Wednesday, March 2, 2011

Prowling the Network for a Rogue Wireless Access Point

Prowling the Network for a Rogue Wireless Access Point
By way of review, a wireless access point (WAP) is a device that allows wired communication devices to connect to a wireless network using Wi-Fi or Bluetooth. The WAP usually connects to a router and can relay data between wireless devices, such as computers or printers and wired devices on the network. Prior to wireless networks, setting up a computer network required running tons of cables through walls and ceilings in order to deliver access to all the devices in the building. With a WAP, network users can add devices that access the network with fewer cables.

Wireless access is convenient and increases flexibility but at the same time security becomes a larger issue. Wired networks usually base the security on physical access control, but if wireless access points are connected to the network, anyone close by could connect. In fact, major data thefts have been initiated by attackers who have gained wireless access to organizations by connecting wirelessly to access points inside the organization.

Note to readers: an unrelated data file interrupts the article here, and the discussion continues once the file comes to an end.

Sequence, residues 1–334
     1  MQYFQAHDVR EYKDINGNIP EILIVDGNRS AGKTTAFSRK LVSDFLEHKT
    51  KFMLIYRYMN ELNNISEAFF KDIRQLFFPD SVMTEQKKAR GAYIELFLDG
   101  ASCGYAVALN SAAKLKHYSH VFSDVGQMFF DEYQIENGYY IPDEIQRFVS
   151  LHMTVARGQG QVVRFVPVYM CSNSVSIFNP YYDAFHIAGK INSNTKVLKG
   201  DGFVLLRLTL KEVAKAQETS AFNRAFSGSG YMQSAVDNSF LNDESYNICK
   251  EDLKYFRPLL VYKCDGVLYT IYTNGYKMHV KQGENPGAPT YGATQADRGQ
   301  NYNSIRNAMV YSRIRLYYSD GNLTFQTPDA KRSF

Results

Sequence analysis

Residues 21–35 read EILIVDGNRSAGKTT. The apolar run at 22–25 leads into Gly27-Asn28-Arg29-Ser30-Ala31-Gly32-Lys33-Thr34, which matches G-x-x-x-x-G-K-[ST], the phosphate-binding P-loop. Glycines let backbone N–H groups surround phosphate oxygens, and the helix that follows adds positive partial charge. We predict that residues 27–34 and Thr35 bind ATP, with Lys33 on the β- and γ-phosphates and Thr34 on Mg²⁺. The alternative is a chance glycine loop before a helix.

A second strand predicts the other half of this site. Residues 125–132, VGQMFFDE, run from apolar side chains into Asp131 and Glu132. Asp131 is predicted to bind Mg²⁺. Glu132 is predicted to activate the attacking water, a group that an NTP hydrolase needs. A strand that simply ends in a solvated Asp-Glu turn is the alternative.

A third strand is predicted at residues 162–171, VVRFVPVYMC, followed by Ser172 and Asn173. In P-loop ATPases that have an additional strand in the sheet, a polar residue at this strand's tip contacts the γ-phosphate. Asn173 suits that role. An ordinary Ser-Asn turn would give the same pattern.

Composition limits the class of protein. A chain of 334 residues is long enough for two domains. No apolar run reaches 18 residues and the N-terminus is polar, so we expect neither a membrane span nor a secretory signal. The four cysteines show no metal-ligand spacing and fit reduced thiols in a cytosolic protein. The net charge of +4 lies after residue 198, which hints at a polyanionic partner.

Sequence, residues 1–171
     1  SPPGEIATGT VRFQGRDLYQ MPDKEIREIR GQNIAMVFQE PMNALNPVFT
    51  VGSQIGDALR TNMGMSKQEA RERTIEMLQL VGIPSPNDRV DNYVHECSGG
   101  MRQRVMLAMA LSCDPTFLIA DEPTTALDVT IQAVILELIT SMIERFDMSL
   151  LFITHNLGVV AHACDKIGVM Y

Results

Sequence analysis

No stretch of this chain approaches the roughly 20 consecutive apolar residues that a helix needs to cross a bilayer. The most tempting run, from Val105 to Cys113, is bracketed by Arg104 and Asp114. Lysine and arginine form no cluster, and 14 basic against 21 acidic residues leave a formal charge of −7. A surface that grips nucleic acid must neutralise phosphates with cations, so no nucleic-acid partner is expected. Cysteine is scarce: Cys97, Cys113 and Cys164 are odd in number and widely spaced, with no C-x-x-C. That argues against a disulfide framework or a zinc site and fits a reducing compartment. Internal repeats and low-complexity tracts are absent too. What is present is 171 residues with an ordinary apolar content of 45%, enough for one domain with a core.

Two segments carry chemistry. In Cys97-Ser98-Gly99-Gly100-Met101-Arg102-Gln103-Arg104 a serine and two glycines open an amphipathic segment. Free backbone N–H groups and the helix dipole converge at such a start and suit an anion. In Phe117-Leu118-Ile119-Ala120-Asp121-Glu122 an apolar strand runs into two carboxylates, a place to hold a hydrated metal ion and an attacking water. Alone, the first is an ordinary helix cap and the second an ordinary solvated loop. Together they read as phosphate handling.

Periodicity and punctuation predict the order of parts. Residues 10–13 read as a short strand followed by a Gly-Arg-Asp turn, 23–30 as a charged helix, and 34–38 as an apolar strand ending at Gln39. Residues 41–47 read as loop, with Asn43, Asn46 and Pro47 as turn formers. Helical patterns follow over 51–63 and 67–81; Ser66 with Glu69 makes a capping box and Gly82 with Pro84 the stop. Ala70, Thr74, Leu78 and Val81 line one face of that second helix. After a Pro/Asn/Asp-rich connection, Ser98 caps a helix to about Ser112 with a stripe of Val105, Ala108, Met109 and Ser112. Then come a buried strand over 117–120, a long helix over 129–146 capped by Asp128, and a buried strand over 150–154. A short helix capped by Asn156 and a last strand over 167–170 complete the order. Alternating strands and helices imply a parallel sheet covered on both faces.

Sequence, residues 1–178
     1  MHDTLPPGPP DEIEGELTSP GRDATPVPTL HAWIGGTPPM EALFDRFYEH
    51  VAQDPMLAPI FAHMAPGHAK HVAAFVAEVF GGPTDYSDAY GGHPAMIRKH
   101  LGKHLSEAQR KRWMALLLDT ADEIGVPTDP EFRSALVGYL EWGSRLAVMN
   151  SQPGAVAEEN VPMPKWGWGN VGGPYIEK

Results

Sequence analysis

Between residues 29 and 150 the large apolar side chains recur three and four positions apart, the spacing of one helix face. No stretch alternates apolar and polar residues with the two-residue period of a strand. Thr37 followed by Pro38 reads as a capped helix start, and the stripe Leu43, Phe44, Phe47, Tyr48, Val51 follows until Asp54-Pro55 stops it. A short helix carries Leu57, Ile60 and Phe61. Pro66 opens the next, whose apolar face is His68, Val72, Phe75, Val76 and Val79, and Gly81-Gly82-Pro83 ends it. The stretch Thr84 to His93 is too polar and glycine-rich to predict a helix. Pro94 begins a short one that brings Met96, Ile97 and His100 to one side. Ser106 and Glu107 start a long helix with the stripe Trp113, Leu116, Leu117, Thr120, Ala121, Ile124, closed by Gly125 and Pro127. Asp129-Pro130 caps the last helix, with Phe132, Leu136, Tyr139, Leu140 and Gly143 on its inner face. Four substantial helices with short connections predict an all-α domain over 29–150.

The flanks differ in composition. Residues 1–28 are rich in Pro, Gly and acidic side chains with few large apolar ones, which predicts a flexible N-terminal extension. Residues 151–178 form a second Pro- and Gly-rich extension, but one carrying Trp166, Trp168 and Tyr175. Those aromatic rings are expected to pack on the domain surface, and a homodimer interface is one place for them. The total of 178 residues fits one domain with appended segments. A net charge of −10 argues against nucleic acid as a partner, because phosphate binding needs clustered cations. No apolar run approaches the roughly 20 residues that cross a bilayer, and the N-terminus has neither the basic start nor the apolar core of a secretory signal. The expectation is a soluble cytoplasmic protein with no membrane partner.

Most often, the hardest part is convincing IT that there is an actual wireless network security breach. Fortunately, solutions like Wildpackets OmniPeek Network Analyzer make looking for wireless signals easy.

When I suspected a breach on a customer's network, I immediately turned to OmniPeek and produced a quick demo. My first step was to check the peer map for unencrypted connctions (see illustration below).

The IT guy said that there was no problem. After I reviewed the header of an email that he had just sent, I asked him if he was sure. There was an address on this plot, which was really close to the IP address of his mail server. After a bit of head scratching, he agreed.
Looking closer at the suspect IP address, it indicated that it was coming from a D-Link wireless router. But the company didn't have any of those, so they assumed it "wasn't a problem". After offering a further explanation of rogue access points, they began to slowly agree.
In the end, OmniPeek convinced the IT department that there was a problem to be investigated - an unauthorized access point on a critical server. With tools like OmniPeek, it's easy to prowl through complex networks and identify security issues, but a well-rounded explanation of the problem is truly the key to keeping networks healthy.

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